ANDY SERWER: I’m here with Charlie Munger, Vice Chairman of Berkshire Hathaway. Charlie, great to see you.

CHARLIE MUNGER: Nice to be here.

ANDY SERWER: I want to continue with some of the questions that people were asking you at the annual meeting and start maybe with China, and trade and tariffs. And you said that even Trump can be right on some of this stuff.

CHARLIE MUNGER: Yes, when people get mad enough at one politician, they get to thinking everything he says and does is wrong, and that’s never the case.

ANDY SERWER: What, what, go ahead and continue. I’m sorry.

CHARLIE MUNGER: And all I said was that you don’t want to be such an absolute purist for free trade. I’m almost a purist, but not quite, but I wouldn’t want the entire steel industry in the United States to move offshore. There’s some place where you could draw a line without ruining the world.

ANDY SERWER: What should our trade policy be then? I mean, yes China can be unfair, is unfair, but how should we pursue this?

CHARLIE MUNGER: Well, attitudes entirely different from our president’s. I’m glad that we ran a big trade deficit with China. That enabled them to rapidly get out of poverty and obscurity. I welcome the Chinese to the group of advanced nations, which I think we enabled considerably by our willingness to trade with them as they moved ever upward in terms of complexity of enterprise.

So I like what’s happened. I don’t regard it as unfair and bad. I’m not saying that it would be unthinkable to have some tariffs somewhere, but basically I’m a free trader and I am particularly a free trader in dealing with China. And I like the fact that free trade with China has enabled China to expand so much, and they got out of poverty.

They had hundreds of millions of people in rural poverty and they made huge, in the whole history of the world, no big nation has ever advanced faster than China. And this free trade helped them do it. And I like it.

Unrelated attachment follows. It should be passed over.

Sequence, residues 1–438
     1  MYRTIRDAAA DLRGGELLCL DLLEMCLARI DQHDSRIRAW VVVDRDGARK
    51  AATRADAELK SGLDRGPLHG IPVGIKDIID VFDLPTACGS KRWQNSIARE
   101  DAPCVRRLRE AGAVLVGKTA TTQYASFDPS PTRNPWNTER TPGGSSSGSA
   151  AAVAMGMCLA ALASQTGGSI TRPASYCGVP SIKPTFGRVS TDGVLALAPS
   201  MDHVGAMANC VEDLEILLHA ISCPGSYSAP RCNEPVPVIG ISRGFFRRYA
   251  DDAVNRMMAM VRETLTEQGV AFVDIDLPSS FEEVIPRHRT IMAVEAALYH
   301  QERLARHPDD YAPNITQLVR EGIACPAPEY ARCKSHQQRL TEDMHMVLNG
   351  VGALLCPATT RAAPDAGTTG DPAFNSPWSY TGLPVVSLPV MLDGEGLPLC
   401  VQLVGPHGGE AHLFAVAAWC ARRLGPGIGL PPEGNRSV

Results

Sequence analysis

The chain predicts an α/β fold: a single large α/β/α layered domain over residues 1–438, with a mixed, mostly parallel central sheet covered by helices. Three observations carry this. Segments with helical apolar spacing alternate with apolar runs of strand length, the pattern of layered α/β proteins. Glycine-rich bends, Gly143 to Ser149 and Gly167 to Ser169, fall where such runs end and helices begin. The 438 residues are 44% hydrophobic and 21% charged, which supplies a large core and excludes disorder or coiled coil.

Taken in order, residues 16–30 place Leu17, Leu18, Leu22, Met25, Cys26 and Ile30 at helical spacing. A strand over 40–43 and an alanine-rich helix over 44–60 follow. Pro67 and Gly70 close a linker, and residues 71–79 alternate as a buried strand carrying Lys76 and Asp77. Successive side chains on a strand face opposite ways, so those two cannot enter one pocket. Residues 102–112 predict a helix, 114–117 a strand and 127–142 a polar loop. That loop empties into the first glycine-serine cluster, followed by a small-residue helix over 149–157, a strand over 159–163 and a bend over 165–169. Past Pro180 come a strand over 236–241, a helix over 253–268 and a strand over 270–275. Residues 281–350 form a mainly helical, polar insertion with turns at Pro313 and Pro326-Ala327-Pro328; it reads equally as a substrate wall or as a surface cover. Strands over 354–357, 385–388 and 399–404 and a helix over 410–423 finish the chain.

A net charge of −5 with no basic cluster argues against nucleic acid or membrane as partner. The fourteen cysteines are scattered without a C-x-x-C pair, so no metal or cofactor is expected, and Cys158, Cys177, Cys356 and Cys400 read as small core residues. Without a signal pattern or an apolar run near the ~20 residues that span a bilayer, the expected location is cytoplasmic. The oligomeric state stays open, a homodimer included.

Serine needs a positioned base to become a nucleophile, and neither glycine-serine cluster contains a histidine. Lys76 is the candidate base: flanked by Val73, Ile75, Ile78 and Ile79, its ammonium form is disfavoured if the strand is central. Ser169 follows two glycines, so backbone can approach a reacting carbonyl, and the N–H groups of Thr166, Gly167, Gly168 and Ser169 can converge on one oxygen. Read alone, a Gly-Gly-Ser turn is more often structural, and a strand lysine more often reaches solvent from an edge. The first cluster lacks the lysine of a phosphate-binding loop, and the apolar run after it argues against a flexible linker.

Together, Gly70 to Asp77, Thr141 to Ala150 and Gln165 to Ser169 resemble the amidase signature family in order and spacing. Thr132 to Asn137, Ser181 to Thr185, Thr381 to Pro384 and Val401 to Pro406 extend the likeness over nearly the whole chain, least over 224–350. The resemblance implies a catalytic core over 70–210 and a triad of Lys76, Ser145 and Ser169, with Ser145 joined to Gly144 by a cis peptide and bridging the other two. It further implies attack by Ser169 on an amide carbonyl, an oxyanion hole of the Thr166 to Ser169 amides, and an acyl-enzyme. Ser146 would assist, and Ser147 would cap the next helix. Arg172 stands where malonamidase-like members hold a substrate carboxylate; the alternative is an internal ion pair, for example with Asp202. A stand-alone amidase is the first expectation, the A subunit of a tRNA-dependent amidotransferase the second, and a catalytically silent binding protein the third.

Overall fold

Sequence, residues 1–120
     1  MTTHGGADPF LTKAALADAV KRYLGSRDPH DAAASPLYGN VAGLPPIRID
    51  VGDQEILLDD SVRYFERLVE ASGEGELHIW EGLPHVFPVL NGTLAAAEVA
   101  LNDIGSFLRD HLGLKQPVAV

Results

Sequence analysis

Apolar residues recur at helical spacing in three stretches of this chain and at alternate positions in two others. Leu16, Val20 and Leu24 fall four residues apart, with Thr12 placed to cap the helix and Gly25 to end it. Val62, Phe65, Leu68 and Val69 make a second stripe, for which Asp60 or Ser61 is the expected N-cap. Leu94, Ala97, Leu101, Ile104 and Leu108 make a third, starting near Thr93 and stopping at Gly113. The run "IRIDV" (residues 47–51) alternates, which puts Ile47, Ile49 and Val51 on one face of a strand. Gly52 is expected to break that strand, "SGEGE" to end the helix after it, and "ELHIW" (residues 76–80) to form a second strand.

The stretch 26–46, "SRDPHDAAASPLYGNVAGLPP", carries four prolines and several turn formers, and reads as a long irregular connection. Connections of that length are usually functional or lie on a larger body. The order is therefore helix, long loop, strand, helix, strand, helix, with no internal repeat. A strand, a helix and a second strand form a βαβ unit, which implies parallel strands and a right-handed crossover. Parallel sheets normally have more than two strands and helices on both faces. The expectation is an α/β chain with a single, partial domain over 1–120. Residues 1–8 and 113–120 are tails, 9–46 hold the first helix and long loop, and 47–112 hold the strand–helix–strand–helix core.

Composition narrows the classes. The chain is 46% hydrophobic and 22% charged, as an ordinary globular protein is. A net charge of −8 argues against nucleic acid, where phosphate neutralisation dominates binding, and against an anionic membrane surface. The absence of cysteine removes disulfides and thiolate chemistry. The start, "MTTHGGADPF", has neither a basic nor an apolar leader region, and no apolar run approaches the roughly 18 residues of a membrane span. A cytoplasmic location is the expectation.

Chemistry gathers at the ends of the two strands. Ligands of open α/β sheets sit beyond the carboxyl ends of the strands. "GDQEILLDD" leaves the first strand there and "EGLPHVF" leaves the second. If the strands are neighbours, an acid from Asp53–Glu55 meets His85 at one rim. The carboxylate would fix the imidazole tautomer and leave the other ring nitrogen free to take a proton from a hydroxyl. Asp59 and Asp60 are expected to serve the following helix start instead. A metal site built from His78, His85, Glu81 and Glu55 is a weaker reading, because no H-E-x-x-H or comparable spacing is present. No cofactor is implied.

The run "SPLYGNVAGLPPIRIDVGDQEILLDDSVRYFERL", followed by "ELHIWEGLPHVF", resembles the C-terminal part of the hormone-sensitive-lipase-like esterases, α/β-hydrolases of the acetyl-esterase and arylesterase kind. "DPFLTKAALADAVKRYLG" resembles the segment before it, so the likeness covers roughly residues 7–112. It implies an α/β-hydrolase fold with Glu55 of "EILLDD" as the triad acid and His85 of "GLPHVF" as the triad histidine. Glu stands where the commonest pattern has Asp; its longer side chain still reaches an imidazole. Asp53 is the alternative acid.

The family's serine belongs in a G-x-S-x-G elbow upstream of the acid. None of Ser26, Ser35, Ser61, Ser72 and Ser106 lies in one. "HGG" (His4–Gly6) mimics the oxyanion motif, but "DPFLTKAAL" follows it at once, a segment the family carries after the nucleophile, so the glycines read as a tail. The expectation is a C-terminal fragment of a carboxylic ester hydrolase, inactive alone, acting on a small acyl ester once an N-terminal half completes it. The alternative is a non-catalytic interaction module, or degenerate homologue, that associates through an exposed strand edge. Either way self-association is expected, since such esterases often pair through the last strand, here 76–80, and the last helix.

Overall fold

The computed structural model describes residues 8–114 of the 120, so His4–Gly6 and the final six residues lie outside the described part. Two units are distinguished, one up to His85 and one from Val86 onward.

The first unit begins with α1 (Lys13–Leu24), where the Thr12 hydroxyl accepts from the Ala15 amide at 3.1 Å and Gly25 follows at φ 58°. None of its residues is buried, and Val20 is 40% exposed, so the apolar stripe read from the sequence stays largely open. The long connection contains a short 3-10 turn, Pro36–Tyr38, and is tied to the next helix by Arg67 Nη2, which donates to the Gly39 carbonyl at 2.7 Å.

ANDY SERWER: But aren’t they unfair to us? Just to follow up on, you know, intellectual property.

CHARLIE MUNGER: I’m sure there are places where somebody in China has some advantage over somebody in the United States that you and I might not like perfectly, but that will always happen. But basically, the Chinese broke the Berkshire Hathaway shoe business in Maine. It disappeared basically because their shoes were very good and cheaper.

I’m not mad at China over that and Berkshire has prospered. It’s not so good for Maine, but we can’t help it. There’s no way to make an advanced civilization never hurt anybody as it evolves.

ANDY SERWER: There’s a lot of talk about an elephant that Berkshire is on the hunt for a big acquisition. Could that elephant be in China.? And if it was, could you even buy it given the relationship between the two countries right now?

CHARLIE MUNGER: I don’t think it’s likely that we’ll be buying any great Chinese companies. The Chinese are very proud of their companies and they’re proud of what they’ve accomplished. What I consider quite likely is that we will be invited to buy part of some great Chinese company. And just because they like the good company. And I think that is very likely to happen some time, and we would welcome it. We own minority positions in a lot of companies. We own a minority position in BYD.

ANDY SERWER: Let me ask you, then, about BYD and Chinese cars. When will Chinese cars be allowed in the United States and what’s holding it up, is it bureaucracy?

CHARLIE MUNGER: Well the auto market is very competitive and very fully occupied. And of course, nobody in the United States wants to lose our last two big domestic suppliers, manufacturers of autos. Well three if you want to count Ferrari Chrysler. And so it’s hard for somebody new to come in the American market big. And China has such a big market of its own. My guess is they’ll stay busy in their own part of the world for a long time.

ANDY SERWER: So that’s not a priority for BYD?

CHARLIE MUNGER: Well BYD’s biggest advantage is in the electric cars. Where they’re so close to the cutting edge of battery technology. And so they’d be crazy not to emphasize the hybrid electric cars over the gasoline cars. Not that they’ll go out of the gasoline market, but I think they will be biggest in the hybrid and electric cars.

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